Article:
Sunday, April 22, 2018
Editorials

Editorial: Put Florida nature first, not dollars

Gov. Rick Scott's plan to sell surplus public land to raise money to buy land more critical to environmental conservation is acceptable in theory. But the preliminary list of surplus properties is dictated by reaching an arbitrary goal of raising $50 million instead of sound management of public resources. That is the danger of this approach, and the governor and Cabinet should insist on a list based on environmental considerations, not financial calculations.

The list from the Department of Environmental Protection's Division of State Lands includes 169 parcels consisting of 5,331 acres in 67 state parks, forests and wildlife areas. Environmental advocates agree some parcels on the list should be sold. The state often buys all of a seller's property as a part of a negotiated deal — not just what the state had identified as environmentally sensitive. But that's not where the list stops.

As the Tampa Bay Times' Craig Pittman reported, transcripts from the July 15 meeting of the Surplus Lands Initiative's Technical Advisory Group suggest that reaching the $50 million value mark approved by the Legislature is most important. One state consultant told the group — which fretted the state just didn't have that much surplus land — that they need to reset their criteria to hit the fiscal mark.

DEP ended up including, for example, 2,600 acres in the Hilochee Wildlife Management Area in Polk County that were purchased to protect the aquifer. The land lies in the Green Swamp, home to the headwaters of four rivers. Less than a decade ago, the Tallahassee Democrat reported, the Florida Fish and Wildlife Conservation Commission recommended adding 12,500 acres to the area. Now, under a new governor, it has joined other state agencies in signing off on declaring the property surplus.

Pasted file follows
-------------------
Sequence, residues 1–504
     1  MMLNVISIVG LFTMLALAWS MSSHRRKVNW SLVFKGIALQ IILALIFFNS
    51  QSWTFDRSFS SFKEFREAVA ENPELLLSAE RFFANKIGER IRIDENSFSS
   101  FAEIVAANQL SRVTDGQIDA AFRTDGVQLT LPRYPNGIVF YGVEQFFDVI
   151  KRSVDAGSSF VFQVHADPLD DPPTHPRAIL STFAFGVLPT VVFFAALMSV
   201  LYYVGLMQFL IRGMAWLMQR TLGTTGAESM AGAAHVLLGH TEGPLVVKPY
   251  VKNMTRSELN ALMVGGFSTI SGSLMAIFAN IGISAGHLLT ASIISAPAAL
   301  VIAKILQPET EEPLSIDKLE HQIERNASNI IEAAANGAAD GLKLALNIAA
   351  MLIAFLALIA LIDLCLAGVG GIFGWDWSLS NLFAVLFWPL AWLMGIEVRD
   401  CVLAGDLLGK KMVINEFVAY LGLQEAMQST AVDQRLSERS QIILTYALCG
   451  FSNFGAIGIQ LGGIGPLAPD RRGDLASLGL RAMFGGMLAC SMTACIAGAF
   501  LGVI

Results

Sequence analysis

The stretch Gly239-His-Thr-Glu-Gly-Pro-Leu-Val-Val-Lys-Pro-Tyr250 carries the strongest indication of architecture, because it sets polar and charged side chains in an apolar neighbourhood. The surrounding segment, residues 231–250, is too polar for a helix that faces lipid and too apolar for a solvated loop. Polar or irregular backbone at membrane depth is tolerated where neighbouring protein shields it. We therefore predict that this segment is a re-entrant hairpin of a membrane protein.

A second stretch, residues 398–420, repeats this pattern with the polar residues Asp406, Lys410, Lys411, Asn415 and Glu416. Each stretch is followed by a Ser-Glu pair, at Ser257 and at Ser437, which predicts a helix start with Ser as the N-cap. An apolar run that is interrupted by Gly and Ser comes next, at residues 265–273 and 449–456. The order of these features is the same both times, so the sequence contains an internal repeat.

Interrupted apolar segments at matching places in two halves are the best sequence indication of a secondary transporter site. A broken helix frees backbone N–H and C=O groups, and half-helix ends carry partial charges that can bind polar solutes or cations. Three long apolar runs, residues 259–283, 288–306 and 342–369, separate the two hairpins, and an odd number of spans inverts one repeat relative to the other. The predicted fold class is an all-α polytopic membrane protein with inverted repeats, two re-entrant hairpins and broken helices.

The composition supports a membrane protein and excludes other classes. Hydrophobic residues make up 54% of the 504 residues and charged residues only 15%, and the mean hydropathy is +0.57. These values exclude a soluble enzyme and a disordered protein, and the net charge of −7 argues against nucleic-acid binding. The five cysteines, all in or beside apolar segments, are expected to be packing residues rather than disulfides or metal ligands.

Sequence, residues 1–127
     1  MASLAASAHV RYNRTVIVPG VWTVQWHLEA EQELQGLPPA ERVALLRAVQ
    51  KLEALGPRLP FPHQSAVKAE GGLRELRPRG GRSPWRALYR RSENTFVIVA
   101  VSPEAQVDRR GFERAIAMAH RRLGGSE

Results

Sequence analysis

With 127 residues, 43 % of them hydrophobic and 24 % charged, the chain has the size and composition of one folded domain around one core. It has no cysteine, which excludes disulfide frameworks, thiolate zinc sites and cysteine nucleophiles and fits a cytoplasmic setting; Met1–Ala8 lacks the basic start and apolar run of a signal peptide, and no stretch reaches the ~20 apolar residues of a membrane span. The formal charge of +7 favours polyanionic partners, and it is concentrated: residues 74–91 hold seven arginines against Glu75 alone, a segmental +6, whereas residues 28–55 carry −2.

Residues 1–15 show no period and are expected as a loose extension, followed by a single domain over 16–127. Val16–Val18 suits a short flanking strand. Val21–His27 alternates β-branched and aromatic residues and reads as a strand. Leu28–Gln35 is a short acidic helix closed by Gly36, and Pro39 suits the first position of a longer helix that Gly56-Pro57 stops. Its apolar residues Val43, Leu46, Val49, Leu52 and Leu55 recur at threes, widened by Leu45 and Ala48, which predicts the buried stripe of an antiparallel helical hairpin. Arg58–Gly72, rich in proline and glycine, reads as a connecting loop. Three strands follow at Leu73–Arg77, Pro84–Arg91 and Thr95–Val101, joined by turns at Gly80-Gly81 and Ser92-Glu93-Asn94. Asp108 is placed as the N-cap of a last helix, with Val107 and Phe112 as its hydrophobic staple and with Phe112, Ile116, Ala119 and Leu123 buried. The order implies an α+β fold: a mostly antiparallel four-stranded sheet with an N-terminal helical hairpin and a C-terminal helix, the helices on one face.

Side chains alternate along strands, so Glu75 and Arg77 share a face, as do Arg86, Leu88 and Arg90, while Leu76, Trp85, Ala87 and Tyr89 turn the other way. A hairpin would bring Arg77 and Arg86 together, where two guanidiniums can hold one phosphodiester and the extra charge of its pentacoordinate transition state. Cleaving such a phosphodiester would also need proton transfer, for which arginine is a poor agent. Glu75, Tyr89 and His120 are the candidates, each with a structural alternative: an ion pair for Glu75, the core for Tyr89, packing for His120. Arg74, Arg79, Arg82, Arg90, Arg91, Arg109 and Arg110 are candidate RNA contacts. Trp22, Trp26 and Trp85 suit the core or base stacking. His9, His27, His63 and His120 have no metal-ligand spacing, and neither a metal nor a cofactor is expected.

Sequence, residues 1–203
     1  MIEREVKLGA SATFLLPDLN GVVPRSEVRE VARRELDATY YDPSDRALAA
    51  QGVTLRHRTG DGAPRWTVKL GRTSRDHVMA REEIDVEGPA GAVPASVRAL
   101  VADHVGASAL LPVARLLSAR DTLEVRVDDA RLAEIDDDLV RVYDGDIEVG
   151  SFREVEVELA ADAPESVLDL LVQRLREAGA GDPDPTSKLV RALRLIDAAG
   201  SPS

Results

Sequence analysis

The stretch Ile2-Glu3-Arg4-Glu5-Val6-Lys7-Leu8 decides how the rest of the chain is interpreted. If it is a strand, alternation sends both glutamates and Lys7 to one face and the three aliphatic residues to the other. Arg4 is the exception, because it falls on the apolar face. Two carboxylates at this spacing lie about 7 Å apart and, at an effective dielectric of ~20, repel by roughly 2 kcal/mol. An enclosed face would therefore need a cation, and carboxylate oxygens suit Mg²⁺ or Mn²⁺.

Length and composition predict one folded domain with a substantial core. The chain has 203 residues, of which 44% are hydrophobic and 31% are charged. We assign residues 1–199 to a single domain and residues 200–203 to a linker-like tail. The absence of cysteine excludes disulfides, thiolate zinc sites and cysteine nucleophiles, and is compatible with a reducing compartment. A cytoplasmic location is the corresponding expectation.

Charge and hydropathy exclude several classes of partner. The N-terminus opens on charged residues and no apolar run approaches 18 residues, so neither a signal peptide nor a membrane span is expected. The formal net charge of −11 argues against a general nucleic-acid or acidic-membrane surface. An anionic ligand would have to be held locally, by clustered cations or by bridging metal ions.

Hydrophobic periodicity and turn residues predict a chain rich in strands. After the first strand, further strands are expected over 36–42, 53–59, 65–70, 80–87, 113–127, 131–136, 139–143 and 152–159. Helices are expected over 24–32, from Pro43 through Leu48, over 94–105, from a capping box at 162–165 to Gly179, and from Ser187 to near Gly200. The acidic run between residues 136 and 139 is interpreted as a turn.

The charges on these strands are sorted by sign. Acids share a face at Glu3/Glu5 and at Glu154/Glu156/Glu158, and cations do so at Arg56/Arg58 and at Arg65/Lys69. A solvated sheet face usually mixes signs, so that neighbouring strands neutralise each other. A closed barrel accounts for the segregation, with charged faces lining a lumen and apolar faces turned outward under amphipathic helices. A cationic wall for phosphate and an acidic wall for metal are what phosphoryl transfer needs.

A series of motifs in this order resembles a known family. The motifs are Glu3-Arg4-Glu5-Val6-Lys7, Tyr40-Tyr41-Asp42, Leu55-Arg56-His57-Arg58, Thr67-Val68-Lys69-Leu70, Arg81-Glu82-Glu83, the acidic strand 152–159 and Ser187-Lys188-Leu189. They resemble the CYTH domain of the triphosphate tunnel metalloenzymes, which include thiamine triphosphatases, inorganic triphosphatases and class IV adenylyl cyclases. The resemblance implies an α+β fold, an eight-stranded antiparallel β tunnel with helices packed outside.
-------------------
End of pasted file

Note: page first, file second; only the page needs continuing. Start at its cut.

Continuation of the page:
Another example: 400 acres identified in the Wekiwa Springs State Park north of Orlando. Less than a decade ago under Gov. Jeb Bush, the state passed new protections anticipating buying more land to protect the springs but also to create a much-needed wildlife corridor in Central Florida.

It's not the first time the Scott administration has pursued significant changes to valued state lands only to later retreat. Two years ago, after drawing huge opposition to allowing camping at Honeymoon Island State Park in Pinellas County, DEP dropped the plan. Now the public needs to let its voice be heard again. Scott and the Cabinet — Attorney General Pam Bondi, Chief Financial Officer Jeff Atwater and Agriculture Commissioner Adam Putnam — should ensure that only truly surplus land is sold to buy other land.

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Editorial: Allegiant Air still has safety issues

Editorial: Allegiant Air still has safety issues

Allegiant Air’s safety record remains troubling, and the Federal Aviation Administration’s reluctance to talk about it is no more encouraging. Those are the key takeaways from a 60 Minutes report on the low-cost carrier’s high rate of mid-flight brea...
Published: 04/21/18

Editorial: Women’s work undervalued in bay area